Seed fund, barring a few early stage startups, is usually put in by the founders. The typical cycle starts with you having an idea that you believe can change the world. So, you get a team in place that you believe can help bring the idea to fruition. If you are lucky, the founding team that you bring in possess a set of complimentary skills that helps your venture sustain the talent crunch in the initial days. If you are even more lucky, then in addition to their time, your founding team also brings along some seed capital.
Now, if you and your founding team are experienced professionals, chances are your seed fund will be relatively larger, considering the time you had to replenish your savings. However, if you are in college or just graduated from it, savings is usually a term that your parents have been advocating for some years but never put into practice. So in that case, how do you fund your dreams? You end up doing what a lot of young entrepreneurs do – you borrow money from friends and family. Now, while some startup ventures require less upfront investment and running costs than others, but even a steady cash flow is advisable for when things do not go according to plan (and they rarely go in the startup world).
The second important consideration in a young startup’s life is reaching out to the right set of customers. This is especially cumbersome for businesses that target enterprises/other businesses, considering the high customer acquisition cost involved. Let’s consider a scenario – as a startup, you managed to attract high performing founders, pooled together a reasonably adequate seed fund, and started work on a prototype product/service. Since you do not have the time or the resources to undertake market research, you have no way of knowing that the prototype will have the constituents that your customer desire. What further complicates the situation is that at the prototyping stage, it is always a risk to reach out to enterprise customer, as a wrong step and you end up losing that account for good. So, how do you get the required inputs in time so as to make the corrective measures?
The third important consideration, which goes hand in hand with seed fund and product feedback, is the quality of your network. Here, network refers to the people you know. It goes without saying that for an entrepreneur, better the quality of the people network, chances are that more doors for success open up. If, as an entrepreneur, you are a naturally outgoing person, chances are that you have the connections required for the success of your venture. However, if you are an introvert or your work load simply does not allow you the chance to enhance your network, does it mean your chances of improving your success rate should also go down?
Before we go any further, let’s recap the 3 key considerations for an early stage startup –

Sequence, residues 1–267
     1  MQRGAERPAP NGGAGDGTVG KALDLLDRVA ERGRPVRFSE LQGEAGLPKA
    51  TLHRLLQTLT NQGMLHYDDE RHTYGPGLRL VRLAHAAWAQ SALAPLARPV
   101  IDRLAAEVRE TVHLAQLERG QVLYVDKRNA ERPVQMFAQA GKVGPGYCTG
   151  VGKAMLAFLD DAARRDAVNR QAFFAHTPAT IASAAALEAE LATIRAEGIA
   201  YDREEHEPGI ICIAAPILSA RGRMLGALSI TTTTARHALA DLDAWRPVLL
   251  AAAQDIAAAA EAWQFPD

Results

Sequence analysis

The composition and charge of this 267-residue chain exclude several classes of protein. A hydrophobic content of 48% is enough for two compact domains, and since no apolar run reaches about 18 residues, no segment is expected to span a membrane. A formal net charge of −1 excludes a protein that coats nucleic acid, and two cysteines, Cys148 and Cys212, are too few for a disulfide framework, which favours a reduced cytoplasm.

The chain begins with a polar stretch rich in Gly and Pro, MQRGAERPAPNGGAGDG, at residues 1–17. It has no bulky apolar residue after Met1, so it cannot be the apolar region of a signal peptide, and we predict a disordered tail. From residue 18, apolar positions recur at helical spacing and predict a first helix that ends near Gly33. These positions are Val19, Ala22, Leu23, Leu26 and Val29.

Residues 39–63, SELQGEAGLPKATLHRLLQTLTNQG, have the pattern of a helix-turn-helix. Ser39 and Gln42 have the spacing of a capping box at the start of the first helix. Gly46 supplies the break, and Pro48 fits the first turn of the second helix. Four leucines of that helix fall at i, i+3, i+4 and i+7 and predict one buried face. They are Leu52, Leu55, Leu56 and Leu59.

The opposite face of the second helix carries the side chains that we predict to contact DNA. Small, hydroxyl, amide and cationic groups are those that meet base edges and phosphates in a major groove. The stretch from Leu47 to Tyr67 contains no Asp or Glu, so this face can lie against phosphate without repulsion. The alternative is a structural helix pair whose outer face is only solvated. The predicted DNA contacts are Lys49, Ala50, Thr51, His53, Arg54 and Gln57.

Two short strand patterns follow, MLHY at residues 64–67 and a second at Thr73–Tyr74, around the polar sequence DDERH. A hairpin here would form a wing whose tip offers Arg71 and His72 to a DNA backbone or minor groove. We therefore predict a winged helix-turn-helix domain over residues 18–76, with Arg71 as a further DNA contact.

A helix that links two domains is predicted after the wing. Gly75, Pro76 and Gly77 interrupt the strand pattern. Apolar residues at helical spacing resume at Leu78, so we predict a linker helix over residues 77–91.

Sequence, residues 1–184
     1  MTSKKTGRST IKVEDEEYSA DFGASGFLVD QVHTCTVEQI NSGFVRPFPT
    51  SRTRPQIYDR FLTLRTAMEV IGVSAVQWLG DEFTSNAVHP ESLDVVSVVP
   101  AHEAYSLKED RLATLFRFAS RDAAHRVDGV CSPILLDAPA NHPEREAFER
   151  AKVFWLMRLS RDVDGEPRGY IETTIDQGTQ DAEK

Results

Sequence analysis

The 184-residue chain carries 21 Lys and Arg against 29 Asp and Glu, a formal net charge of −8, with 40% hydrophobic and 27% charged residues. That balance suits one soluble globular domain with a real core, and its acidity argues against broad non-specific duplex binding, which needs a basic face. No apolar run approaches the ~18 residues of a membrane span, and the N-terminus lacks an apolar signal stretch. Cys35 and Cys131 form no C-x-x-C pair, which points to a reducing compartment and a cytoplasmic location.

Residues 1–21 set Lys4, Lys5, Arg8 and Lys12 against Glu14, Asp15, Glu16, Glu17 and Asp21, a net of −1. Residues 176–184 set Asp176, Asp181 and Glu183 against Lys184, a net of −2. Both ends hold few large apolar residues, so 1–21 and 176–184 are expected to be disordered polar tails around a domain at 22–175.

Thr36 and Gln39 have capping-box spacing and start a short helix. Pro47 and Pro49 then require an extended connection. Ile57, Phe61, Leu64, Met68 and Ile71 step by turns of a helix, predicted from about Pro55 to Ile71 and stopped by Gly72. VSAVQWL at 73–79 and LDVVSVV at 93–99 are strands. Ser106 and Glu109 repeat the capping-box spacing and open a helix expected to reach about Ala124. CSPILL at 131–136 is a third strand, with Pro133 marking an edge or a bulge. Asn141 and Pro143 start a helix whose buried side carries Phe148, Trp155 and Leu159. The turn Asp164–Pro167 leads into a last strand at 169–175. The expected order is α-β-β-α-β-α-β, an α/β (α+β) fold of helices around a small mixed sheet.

(1) seed funding at the onset & ensuring adequate cash during the first year of the business
(2) relevant product/service feedback
(3) maintaining a good people network.
All these require time and energy of the founding team, which in itself is limited considering the multiple hats that each member plays in a startup. This is where startup competitions play a critical role.
Evolved from a forum that simply recognized & rewarded talent, startup competitions play multiple roles today.
First, they act as a platform where startups in an industry can not only interact with each other but also benchmark their ideas with the winners of the competition.
Consider the Berlin Startup Calling competition. In its 2nd edition, the competition brought together young entrepreneurs from across the globe to present their ideas on the technology industry, either as individuals or in a group. Then there is the Arena Singapore competition, where hardware/software startups from all of Asia compete over a course of a few months.
The second role that startup competitions play is to help early stage ventures gain valuable guidance from industry experts. This guidance can come by participating in the competition and getting inputs from the jury, which usually have industry thought leaders on the panel. For example, in case of Techcrunch’s Startup Battlefield competition, the final verdict on the winner is given by top venture capitalists, Techcrunch editors and entrepreneurs. On the other hand, for the Berlin Startup Calling competition, the judges panel contains Visual Meta’s (the company organizing the competition) founders, the Managing Director, and an angel investor.
The third role that startup competitions play is to help get visibility for the participating startups. Considering their tie-ups with media houses as well as several venture capitalists in attendance, startup competitions can help an early stage venture gain more traction over a span of few days than the venture would have been able to do on its own. Again, let’s look at the case of Techcrunch Startup Battlefield competition. Most of their previous competition winners, such as Dropbox, Yammer, Mint, and Tripit, among others have gone on to become successful companies. This occurred in part because of visibility that these companies received after wining the competition, not only from the media house but also from potential investors.
The final and perhaps the most important role that the startup competitions play is helping early stage ventures access seed fund. Now, this seed fund can be either direct (by winning prizes at the competition) or indirect (by gaining access to potential investors). If your idea/venture has what it takes to win a startup competition, you can expect to win cash prizes in most cases, thereby strengthening your seed fund.
With all these roles played, startup competitions can be a one stop destination for you as an early stage venture to replenish/create your seed fund, gain insights from industry leaders, and compete with other emerging startups.